The Hamburg Dramaturgy (German: Hamburgische Dramaturgie) is a highly influential work on drama by Gotthold Ephraim Lessing, written between 1767 and 1769. It was not originally conceived as a unified and systematical book, but rather as series of essays on the theater, which Lessing wrote as commentary on the short-lived Hamburg National Theater. This collection of 101 short essays represents one of the first sustained critical engagements with the potential of theater as a vehicle for the advancement of humanistic discourse. In many ways, the Hamburg Dramaturgy defined the new field of dramaturgy, and also introduced the term.During the time Lessing wrote the Hamburg Dramaturgy, there was a new movement of German theatre, based on self-reflection. Actors were beginning to perform the inner and outer lives of their characters at the same time. One of Lessing's most famous and renowned quotes from the compilation considers the responsibilities of the actor and the playwright: “The great discernment of the drama critic lies in his ability to distinguish, whenever he feels pleasure or displeasure, to what extent that feeling should be credited to the writer or to the actor”The idea of a journal with Lessing as a dramatic critic to reflect on the Hamburg National Theater's efforts was conceived by the theatre's founder Johann Friedrich Löwen, and Abel Seyler, "the power behind the throne," who at first reluctantly agreed, but was eventually won over by the journal's success. Because the plays of the new German Bourgeoisie theatre became more detailed and complicated, the audience often felt confused or left out; Lessing’s development of the Hamburg Dramaturgy was in part a reaction to this.Topics covered by Lessing in the series of essays include Aristotle's theory of tragedy, acting theory, the role of theater in society, the means by which theater achieves its emotional effects, criticism of the actor and the play, issues of translation, and a nascent theory of the psychology of emotions. Lessing's writings were influential for many German theater artists who came after, notably Bertolt Brecht.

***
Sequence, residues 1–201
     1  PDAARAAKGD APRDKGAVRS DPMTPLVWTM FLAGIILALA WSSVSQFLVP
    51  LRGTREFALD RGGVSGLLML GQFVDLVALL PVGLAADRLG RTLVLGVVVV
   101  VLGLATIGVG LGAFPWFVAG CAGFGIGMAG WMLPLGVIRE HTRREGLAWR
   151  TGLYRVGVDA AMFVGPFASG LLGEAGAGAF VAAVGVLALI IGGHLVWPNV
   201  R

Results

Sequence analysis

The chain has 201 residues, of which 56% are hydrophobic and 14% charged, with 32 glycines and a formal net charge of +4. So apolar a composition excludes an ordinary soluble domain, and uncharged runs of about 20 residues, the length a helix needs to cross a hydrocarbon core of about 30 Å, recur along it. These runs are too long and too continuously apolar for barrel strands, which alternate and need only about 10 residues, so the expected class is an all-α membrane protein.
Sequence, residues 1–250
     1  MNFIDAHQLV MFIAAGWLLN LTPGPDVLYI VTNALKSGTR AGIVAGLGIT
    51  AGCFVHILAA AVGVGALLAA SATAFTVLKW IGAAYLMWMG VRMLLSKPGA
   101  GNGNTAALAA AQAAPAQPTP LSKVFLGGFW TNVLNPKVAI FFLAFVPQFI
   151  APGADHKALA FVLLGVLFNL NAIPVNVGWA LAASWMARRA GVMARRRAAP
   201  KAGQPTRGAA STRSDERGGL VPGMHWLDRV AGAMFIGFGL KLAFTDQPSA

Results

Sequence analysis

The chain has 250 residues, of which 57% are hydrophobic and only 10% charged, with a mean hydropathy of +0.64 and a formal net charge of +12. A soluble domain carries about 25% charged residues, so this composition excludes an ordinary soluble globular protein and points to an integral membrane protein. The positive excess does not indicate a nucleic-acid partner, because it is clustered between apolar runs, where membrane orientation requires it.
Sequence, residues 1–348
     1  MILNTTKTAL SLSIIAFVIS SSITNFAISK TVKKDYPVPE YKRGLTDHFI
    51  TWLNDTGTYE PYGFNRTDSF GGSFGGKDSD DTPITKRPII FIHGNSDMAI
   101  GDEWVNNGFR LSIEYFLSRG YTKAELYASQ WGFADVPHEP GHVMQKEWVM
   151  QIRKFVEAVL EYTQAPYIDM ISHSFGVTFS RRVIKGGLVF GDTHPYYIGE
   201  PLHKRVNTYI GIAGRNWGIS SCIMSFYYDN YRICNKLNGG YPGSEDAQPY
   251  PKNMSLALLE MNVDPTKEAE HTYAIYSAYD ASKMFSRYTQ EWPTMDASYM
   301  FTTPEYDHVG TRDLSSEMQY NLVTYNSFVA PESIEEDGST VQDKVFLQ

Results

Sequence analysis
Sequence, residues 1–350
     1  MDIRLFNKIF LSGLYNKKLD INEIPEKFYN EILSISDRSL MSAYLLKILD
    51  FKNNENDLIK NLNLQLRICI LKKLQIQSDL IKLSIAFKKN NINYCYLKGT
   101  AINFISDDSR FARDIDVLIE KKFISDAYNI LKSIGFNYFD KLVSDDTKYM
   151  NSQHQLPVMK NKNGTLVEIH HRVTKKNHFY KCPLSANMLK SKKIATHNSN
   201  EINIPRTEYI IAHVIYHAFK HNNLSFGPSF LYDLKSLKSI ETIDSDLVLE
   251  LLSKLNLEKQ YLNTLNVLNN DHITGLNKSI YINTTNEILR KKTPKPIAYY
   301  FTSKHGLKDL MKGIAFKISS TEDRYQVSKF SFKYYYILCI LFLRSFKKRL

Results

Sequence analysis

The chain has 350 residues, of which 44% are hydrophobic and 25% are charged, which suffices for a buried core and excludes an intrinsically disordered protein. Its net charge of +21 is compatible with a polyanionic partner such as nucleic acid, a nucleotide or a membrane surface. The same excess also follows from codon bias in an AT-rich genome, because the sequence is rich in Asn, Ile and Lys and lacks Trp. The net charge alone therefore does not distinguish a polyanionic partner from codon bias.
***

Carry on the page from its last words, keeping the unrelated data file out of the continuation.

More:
Kamenz (Upper Sorbian: Kamjenc) is a town (Große Kreisstadt) in the district of Bautzen in Saxony, Germany. Until 2008 it was the administrative seat of Kamenz District. The town is known as the birthplace of the philosopher and poet Gotthold Ephraim Lessing also Bruno Richard Hauptmann. It lies north-east of the major city of Dresden.